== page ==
The Answers are Inside the Mountains

The Answers Are Inside the Mountains: Meditations on the Writing LifeThe Answers Are Inside the Mountains: Meditations on the Writing Life by William Stafford

My rating: 5 of 5 stars

A Memorial
In Nagasaki they built a little room
dark and soundproof where you can
go in all alone and close the door and cry.

William Stafford, Poet Laureate of Oregon from 1975 until 1990, crafted over 20,000 poems during his time on Earth- a staggering output. A pacifist—soft-spoken, yet fierce—Stafford was a teacher, a mentor, a wide-eyed, gracious observer and recorder of life. His poems are clean, without guile or pretense and most often set in the natural world. He eschewed the rules of writing, rising above convention to state simply that showing up to the page was enough. That writing made one a writer, not publishing, not critical acclaim, not commercial success.

Find limits that have prevailed and break them; be more brutal, more revealing, more obscene, more violent. Press all limits.

The Answers are Inside the Mountains is one in a series of Poets on Poetry, a collection of interviews and conversations with a celebrated poet, as well as selected essays and poems. It includes a beautiful exchange between Stafford and his dear friend and fellow poet of the West, Richard Hugo. A slim volume rich and full of hope and light, compassion and encouragement The Answers are Inside the Mountains is one of the loveliest sources of inspiration this writer has read.

The earth says have a place, be what that place requires; hear the sound the birds imply and see as deep as ridges go behind each other.

I immediately lent it out to a writer friend and now I am bereft, trying to write this review without the treasured work beside me to flip through and reread. But I took notes in my journal, and took great comfort in reading that Stafford too kept journals, that they were the source of his creativity, one of the places he turned to in crafting his poems, where he worked out ideas and themes, from which he pulled his own material.

Save up little pieces that escape other people. Pick up the gleamings.

At this precarious time, when I struggle to find hope and beauty, I am reminded the answers are in the mountains, the mountains of art that surround me.

We drown in ugliness. Art helps teach us to swim.

I’m closing with a poem that wasn’t in the book, because in searching for another poem, I came across this. It’s been one of my favorites for years and reading it again opened up a river inside me. A river frozen over, now melted by Stafford’s words.

Ask Me
Some time when the river is ice ask me
mistakes I have made. Ask me whether
what I have done is my life. Others
have come in their slow way into
my thought, and some have tried to help
or to hurt: ask me what difference
their strongest love or hate has made.

I will listen to what you say.
You and I can turn and look
at the silent river and wait. We know
the current is there, hidden; and there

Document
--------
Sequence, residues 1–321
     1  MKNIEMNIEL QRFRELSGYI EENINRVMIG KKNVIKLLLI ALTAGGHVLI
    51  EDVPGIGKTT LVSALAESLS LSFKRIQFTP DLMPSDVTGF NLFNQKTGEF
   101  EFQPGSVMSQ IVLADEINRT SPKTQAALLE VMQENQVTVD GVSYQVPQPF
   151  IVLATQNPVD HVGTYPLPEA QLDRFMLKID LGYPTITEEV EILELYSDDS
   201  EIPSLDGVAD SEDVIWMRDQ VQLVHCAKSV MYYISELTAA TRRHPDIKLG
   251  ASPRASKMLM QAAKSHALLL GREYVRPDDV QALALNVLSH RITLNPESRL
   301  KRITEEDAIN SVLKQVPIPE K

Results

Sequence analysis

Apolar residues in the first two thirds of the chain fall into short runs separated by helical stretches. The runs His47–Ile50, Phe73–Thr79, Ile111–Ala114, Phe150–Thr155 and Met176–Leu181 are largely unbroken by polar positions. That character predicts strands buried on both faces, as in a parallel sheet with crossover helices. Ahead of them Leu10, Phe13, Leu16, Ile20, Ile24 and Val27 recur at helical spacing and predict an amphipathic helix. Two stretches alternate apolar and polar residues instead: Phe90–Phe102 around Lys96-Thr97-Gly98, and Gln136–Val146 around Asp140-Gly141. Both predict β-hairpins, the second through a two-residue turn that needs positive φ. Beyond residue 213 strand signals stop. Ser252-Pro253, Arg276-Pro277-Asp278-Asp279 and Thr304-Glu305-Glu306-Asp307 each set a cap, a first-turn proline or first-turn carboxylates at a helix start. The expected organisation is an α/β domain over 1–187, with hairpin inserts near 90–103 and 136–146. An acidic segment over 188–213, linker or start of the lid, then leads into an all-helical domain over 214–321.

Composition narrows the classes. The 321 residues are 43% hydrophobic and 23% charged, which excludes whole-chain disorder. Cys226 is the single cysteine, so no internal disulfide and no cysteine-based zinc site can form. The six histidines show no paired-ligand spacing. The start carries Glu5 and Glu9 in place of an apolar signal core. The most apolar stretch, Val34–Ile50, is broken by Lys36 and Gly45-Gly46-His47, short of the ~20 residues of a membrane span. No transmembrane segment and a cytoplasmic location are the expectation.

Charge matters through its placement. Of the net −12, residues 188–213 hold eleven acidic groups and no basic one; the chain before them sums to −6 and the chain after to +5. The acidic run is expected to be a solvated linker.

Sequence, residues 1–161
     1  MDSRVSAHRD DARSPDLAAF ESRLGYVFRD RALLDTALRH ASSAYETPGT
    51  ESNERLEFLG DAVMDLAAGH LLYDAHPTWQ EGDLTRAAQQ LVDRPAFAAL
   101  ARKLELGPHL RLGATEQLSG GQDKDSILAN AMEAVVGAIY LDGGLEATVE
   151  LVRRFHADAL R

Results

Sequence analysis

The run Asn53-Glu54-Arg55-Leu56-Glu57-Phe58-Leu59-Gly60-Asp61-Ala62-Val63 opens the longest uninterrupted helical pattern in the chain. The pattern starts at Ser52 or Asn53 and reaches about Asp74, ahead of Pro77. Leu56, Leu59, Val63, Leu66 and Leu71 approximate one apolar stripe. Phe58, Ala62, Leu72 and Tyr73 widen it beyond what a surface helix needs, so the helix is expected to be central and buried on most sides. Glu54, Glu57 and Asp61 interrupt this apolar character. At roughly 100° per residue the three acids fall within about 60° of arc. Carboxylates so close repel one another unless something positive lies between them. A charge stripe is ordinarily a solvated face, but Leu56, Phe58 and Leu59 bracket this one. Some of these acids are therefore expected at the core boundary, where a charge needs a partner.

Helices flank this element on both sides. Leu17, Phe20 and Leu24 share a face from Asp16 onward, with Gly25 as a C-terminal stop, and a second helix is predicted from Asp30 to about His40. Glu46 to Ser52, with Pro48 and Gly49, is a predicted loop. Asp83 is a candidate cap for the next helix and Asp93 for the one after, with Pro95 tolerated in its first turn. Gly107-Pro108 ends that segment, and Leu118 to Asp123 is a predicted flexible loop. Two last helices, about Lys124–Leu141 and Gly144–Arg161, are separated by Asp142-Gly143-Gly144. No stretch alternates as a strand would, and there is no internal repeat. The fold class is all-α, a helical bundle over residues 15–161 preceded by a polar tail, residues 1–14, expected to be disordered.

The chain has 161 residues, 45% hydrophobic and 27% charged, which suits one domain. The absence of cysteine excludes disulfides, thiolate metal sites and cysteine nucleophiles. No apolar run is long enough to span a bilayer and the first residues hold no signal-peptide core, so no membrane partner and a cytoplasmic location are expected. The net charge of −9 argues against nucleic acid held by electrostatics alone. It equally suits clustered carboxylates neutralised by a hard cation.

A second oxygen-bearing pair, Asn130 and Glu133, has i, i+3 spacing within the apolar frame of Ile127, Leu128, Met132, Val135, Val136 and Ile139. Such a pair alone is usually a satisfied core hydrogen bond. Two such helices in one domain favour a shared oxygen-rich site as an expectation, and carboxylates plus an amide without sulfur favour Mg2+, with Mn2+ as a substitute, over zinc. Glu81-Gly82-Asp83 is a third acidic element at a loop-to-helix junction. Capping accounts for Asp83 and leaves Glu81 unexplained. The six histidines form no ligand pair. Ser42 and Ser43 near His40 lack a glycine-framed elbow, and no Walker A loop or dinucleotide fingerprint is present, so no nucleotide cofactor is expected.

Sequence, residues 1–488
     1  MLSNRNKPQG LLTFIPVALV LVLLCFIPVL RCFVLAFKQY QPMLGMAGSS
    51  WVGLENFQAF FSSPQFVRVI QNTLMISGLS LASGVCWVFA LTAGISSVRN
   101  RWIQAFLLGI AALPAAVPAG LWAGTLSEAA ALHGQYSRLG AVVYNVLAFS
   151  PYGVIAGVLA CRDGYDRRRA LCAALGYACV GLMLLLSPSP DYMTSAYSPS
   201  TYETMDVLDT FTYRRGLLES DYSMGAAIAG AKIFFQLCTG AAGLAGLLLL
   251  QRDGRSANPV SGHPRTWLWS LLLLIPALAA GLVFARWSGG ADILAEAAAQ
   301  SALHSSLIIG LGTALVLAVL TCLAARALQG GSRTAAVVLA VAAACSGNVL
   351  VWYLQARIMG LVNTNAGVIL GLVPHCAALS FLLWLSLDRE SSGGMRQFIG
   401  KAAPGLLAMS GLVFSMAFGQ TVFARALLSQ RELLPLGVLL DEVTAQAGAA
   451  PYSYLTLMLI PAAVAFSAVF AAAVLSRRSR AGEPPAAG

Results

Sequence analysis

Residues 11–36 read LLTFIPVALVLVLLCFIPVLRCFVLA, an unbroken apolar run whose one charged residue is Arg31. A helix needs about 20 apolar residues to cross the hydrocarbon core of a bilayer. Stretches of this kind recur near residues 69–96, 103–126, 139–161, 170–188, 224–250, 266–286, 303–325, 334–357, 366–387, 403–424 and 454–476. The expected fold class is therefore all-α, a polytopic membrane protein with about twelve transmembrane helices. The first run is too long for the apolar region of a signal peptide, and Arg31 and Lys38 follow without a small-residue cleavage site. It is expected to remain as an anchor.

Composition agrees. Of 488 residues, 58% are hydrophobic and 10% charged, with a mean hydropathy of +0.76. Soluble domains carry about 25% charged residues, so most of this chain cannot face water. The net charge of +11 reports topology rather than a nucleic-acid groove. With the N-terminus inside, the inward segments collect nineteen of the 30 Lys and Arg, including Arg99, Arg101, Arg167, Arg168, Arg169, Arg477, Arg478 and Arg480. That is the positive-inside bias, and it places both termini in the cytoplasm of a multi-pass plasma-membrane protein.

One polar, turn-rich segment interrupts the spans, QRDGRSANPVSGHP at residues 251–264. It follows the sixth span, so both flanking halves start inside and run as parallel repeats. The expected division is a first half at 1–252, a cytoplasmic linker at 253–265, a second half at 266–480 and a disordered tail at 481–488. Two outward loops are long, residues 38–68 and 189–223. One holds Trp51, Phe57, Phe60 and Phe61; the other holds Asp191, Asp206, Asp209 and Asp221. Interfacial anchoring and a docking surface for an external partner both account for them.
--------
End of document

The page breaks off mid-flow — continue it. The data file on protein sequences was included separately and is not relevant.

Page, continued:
are comings and goings from miles away
that hold the stillness exactly before us.
What the river says, that is what I say.

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The Breathings of Your Heart

Fill your paper with the breathings of your heart – William Wordsworth

 

Someone remarked to me the other day that writing isn’t craft, it’s art. The commenter stated she isn’t a writer, but an avid reader who can tell when a writer has crafted the story, rather than allowed it to unfold.

This came in response to a discussion of a recently-published writing guide I had read, enjoyed and learned buckets from, though with a solid caveat emptor. There were elements to the guideopinions posited by the author as writing shoulds and muststhat made me twitch. At times it seemed I was reading the Starbucks business plan: no matter where you arebe it Seattle, Shanghai, Salamancathe store, the coffee and the service will be exactly the same. In other words, just stick to the blueprint for guaranteed success. Although I applaud Starbucks for its acumen, the coffee is unpalatable. And so it is with story.

Perhaps my fellow bibliophile was offering an antidote to the writing guide: respect the process of creation and value writing as an art form, not as a craft with a set of rules.

Yet, I disagree that writing is only art and not craft. Just as a photographer must know her camera and understand composition, a painter must know how to create perspective, understand human anatomy and mix paints on his palette, a dancer must spend hours at the barre or a pianist at the keyboard, practicing the same pieces over and over, so too must a writer understand and practice plot and structure, be proficient in grammar, and revise revise revise, becoming a better writer through the magic of hard work. Reading widely is a natural companion to writingI’m a voracious reader and can’t imagine my life without booksbut only by writing can a writer become a better writer.